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- Categorized in: 2013 Compendium of Federal Medicine
Patients are referred to an epilepsy center and an epileptologist for many reasons, usually after experiencing seizures or spells with uncertain etiology. Often, patients have been diagnosed as having epilepsy by a primary-care physician, psychiatrist or general neurologist, and antiepileptic drugs (AEDs) have been used unsuccessfully to control these seizures. In some instances, patients may have taken AEDs for years or decades before being referred to epilepsy center for “seizure (or spell) characterization.”
Characterization helps determine if the patient’s spell episodes are due to an epileptic disorder or other etiology. If the seizures are found to be epileptic, treatment with appropriate AED or surgery is considered. If the seizures are nonepileptic, they can be either physiologic no-nepileptic seizures or PNES. Physiologic nonepileptic seizures are spells that may occur due to a sleep disorder, cardiac arrhythmia or other such medical condition. PNES are much more common, and often occur with depression, anxiety disorder (such as PTSD), or other mental health disorder.
Life with Seizures
The diagnosis of epilepsy carries with it a need for potentially lifelong therapy with AEDs, but also brings a list of psychosocial limitations. Foremost among these is the restriction from driving. This leads to confinement if public transportation is not available, few employment options and social isolation. All these combined result in more limited medical care due to accessibility challenges. When patients with epilepsy find employment, they are dismissed if they have a seizure at work, as they are considered a liability to themselves and their place of work. Therefore, many patients with epilepsy seek disability assistance. The assessment and treatment by epileptologists and relevant resources often result in successful treatment of seizures, frequently removing some social obstacles to leading productive lives.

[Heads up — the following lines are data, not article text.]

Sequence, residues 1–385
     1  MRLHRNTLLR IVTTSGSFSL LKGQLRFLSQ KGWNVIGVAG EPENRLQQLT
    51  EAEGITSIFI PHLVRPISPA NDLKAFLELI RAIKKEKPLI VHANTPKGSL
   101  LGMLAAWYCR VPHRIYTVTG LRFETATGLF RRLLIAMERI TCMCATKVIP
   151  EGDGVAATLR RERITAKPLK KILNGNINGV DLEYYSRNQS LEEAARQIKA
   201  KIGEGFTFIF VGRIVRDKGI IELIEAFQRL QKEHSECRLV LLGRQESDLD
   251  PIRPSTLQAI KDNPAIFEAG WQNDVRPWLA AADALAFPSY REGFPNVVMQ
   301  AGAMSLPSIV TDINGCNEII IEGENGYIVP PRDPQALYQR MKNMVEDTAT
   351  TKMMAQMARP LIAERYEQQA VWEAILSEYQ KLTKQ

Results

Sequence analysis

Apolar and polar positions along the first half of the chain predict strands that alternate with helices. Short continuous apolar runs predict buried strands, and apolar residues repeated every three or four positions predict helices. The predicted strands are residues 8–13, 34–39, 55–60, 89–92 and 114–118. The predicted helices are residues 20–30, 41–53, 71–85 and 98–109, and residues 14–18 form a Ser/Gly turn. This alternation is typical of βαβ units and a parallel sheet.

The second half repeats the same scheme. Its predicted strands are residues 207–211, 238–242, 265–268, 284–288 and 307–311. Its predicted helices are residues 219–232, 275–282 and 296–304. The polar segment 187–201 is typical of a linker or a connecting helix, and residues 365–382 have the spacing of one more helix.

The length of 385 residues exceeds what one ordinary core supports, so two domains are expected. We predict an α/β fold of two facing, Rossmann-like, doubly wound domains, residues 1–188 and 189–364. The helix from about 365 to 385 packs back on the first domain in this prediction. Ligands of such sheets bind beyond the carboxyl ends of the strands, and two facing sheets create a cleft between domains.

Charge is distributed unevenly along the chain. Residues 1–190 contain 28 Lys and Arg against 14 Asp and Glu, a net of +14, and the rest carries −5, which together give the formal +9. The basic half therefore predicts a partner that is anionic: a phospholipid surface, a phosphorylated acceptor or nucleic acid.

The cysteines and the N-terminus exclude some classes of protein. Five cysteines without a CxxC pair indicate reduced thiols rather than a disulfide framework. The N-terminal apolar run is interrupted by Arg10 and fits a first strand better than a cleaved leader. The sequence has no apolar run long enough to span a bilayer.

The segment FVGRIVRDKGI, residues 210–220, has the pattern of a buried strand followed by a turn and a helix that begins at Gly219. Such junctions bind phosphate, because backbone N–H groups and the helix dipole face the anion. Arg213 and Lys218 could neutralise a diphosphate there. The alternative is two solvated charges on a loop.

Unfortunately, when restrictions for epilepsy patients are imposed erroneously, such as on patients with PNES who are misdiagnosed as having epilepsy, the complications can be devastating. Not only are they subject to same restrictions as patients with epilepsy, they also are burdened by their underlying diagnosis and its restrictions (such as TBI or PTSD). Many of these patients have received disability and other benefits usually reserved for epilepsy patients. When they are correctly diagnosed, their treatment is complicated further because their disability assessments likely were based incorrectly on having epilepsy.
The best way to minimize these complications in PNES is to diagnosis early and avoid years of erroneous treatment for epilepsy. In the VA, this can be accomplished by an ECoE Network to which referrals from other VA hospitals are facilitated.
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